Benzodiazepines are a type of Central Nervous System depressant medication. They are prescribed to help alleviate symptoms of anxiety, depression, insomnia, muscle spasms, as well as for other medical conditions or instances that cause stress or fear. The positive effects that Benzodiazepines also referred to as ‘Benzos,’ cause is relaxation, sedation, and sleep. The adverse effects that Benzos can cause are impairment, memory problems, addiction, and dangerous physical withdrawal symptoms that include seizures. Any person who is attempting to increase the effects of a Benzo by mixing other drugs or substances with it is likely to be suffering from Substance Use Disorder (SUD), also referred to as an addiction. While benzodiazepine potentiation is possible, once you’re searching for a stronger effect, it may mean that you’re addicted. Professional medical detox is needed to safely get off benzo and begin the process of recovery.
Dangers of Benzodiazepine Potentiation
The brand names for the most common Benzodiazepines include Xanax, Valium, Ativan, Klonopin, and Librium. When someone is attempting to increase the effects of any of these medications, this is known as Potentiation (potentiate)- which is to increase the drug’s potential for desired results. The danger with potentiating Benzos is that most people will use other central nervous system depressants to achieve their desired effect or ‘high.’ Combining CNS depressant drugs can very easily cause accidental overdose and death. Substances and drugs that depress the CNS which are frequently used by individuals with a SUD or abusing substances to potentiate a Benzo are alcohol, all opiates such as heroin, Fentanyl, methadone, and prescription pain killers (Vicodin, Oxycontin, morphine, etc.), as well as marijuana and cannabis products. Other drugs and medications that potentiate Benzos are barbiturates, Z-drugs, antihistamines, and herbal remedies. Although these drugs and substances do not depress the CNS, they do act on similar structures in the CNS that Benzos also affect. However, the most common substance that a person will use to potentiate the effects of a Benzo is alcohol. Alcohol is easier to acquire versus other drugs like heroin or more Benzos, and it has long held a reputation as being popular to mix or enhance the effects of other substances or drugs, generally. What is dangerous when a person consumes alcohol with a Benzo such as Xanax (and others) is both drugs slow down reactions, impair speech and vision, as well as directly affecting heart rate, respiratory function, and judgment. Fatal car accidents are common when people mix alcohol with Benzos, as are accidental overdoses.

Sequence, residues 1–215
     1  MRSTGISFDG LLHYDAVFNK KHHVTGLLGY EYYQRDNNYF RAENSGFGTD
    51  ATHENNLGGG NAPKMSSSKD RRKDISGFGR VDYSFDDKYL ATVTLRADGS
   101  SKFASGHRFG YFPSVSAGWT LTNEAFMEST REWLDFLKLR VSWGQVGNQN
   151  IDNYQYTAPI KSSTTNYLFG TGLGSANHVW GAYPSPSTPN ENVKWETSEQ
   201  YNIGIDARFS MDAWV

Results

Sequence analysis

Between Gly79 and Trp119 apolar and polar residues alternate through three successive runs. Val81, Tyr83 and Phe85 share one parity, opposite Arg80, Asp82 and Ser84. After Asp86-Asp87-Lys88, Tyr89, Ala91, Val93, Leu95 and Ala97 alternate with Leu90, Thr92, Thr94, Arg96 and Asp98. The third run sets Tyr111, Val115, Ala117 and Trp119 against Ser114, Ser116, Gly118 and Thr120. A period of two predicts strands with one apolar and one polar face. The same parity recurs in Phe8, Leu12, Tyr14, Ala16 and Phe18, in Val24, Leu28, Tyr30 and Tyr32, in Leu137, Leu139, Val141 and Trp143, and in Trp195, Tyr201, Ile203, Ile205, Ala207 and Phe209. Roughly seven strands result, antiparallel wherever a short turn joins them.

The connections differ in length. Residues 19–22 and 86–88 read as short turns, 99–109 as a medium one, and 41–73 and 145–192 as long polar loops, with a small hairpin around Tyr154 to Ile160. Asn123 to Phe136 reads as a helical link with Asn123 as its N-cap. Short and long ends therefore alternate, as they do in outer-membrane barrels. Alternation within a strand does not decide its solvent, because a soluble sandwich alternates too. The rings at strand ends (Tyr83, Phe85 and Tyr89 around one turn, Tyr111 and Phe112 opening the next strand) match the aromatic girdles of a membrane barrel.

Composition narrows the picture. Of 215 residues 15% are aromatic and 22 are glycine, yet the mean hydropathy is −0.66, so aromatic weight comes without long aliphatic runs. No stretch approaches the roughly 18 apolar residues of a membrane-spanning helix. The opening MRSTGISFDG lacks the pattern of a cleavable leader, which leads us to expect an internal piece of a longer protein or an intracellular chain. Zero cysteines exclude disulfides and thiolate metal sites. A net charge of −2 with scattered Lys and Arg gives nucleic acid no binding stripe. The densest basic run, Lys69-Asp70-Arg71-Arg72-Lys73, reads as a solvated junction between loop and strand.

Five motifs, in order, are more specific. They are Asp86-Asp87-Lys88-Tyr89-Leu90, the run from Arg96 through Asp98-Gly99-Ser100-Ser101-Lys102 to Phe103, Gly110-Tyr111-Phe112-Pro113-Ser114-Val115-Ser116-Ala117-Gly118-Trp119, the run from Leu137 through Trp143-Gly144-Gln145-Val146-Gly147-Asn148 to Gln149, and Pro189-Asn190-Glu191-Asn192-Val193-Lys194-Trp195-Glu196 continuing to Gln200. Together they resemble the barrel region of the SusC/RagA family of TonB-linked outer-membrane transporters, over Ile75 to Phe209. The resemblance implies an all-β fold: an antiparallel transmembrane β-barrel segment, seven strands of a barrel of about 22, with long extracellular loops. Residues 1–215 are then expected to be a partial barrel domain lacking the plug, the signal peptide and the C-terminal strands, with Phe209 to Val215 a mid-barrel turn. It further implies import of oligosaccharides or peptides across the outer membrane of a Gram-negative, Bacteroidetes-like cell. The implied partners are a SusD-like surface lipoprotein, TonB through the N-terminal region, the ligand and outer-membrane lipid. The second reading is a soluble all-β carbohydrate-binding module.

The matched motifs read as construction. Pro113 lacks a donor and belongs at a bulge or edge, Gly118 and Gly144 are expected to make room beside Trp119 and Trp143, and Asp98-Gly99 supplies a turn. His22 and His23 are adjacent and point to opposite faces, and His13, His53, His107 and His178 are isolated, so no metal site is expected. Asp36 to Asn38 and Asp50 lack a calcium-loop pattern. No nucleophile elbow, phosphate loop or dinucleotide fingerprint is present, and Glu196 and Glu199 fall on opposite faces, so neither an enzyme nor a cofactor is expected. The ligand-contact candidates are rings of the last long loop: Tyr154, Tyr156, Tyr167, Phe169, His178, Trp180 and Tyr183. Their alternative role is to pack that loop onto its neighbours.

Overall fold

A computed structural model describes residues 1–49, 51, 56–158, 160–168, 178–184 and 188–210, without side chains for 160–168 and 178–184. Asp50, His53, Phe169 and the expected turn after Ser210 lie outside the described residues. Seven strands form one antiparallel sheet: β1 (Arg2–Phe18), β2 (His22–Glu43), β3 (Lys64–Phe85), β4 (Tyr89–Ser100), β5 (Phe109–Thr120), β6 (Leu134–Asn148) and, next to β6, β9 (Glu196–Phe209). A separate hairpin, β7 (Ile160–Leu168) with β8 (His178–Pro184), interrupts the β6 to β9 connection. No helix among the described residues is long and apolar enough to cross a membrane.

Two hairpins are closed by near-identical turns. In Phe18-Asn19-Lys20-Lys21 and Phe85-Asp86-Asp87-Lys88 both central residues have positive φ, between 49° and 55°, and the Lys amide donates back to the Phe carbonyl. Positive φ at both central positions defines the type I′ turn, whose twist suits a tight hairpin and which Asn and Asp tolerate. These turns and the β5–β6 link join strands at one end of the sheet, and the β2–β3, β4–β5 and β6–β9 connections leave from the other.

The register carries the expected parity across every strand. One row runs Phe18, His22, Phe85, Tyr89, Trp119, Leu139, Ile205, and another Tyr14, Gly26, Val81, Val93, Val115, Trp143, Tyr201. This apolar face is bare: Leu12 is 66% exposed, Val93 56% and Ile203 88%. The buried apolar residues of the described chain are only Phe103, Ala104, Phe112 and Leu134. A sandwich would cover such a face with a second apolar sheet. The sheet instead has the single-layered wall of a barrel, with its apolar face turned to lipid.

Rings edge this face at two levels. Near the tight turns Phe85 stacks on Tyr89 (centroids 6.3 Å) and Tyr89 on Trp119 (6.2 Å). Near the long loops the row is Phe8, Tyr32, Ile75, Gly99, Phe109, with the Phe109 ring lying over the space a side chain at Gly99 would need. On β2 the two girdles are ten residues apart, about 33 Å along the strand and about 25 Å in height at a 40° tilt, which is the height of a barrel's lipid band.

Mixing Opiates and Benzos: Know the Risks
Another potentiator that is popular among persons who are abusing Benzos is opiates. The risks in doing so far outweigh the desired effects, as this is one of the leading causes of accidental overdose, leading to death in the United States. According to the National Institute on Drug Abuse, NIDA, opiates, and Benzos combined increased the accidental overdose death rate hugely in 2015. NIDA also indicates that there is a significant number of people who are prescribed both Benzos and opiates together, exasperating the potential for overdose and accidents.
More than 30 percent of overdoses involving opioids also involve Benzodiazepines… Combining opioids and Benzodiazepines can be unsafe because both types of drug sedate users and suppress breathing—the cause of overdose fatality—in addition to impairing cognitive functions. In 2015, 23 percent of people who died of an opioid overdose also tested positive for Benzodiazepines. Unfortunately, many people have prescribed both drugs simultaneously. (NIDA)
One type of non-CNS depressant drug that people take to enhance the effects of a Benzo is Z-Drugs. These drugs sedate a person and are most commonly prescribed for sleep disorders and acute insomnia. They include Zolpidem (Ambien), Eszopiclone (Lunesta) and Zaleplon (Sonata), and others. Other medications that also cause sedation but are not CNS depressants include antihistamines with sedating properties (also known as first-generation antihistamines). For example, Diphenhydramine (Benadryl) and Dimenhydrinate (Dramamine).
Benzodiazepine Potentiation with Herbal Remedies
Another way a person will potentiate a Benzodiazepine is by taking herbal remedies. Two herbal remedies have become well known for their sedative effects, Valerian and Kava. Combining either of these two herbal remedies with a Benzo is likely to cause a person to feel extremely sleepy and lower their judgments and ability to drive or think clearly. Although many companies that manufacture both of these herbal remedies provide warnings for it not to be combined with Benzodiazepines, alcohol, or other drugs and medications, they are frequently used for the sole purpose of enhancing the effects of another substance. Potentiation of Benzos is not solely to increase the potency of the Benzo. Many persons who struggle with addiction or drug abuse will take Benzos to potentiate the effects of heroin, prescription pain killers, and other drugs. Regardless of what an individual is using to enhance the effects of their Benzodiazepine, or vice versa, the predominant problem is that this person is abusing substances to get high. This indicates addiction. If you or a loved one is experimenting or using multiple drugs to enhance Benzos or using Benzos to enhance (potentiate) the effects of other drugs, Evoke Wellness at Miramar has options for treatment.
We are Here to Help
We at Evoke Wellness at Miramar, offer specialized drug addiction treatment programs that include therapy and programs that target potentiation and multi-drug use addiction. We offer programs for men, women, and young adults. Contact us around the clock if you or a loved one are searching for benzodiazepine addiction treatment in a safe and comfortable environment.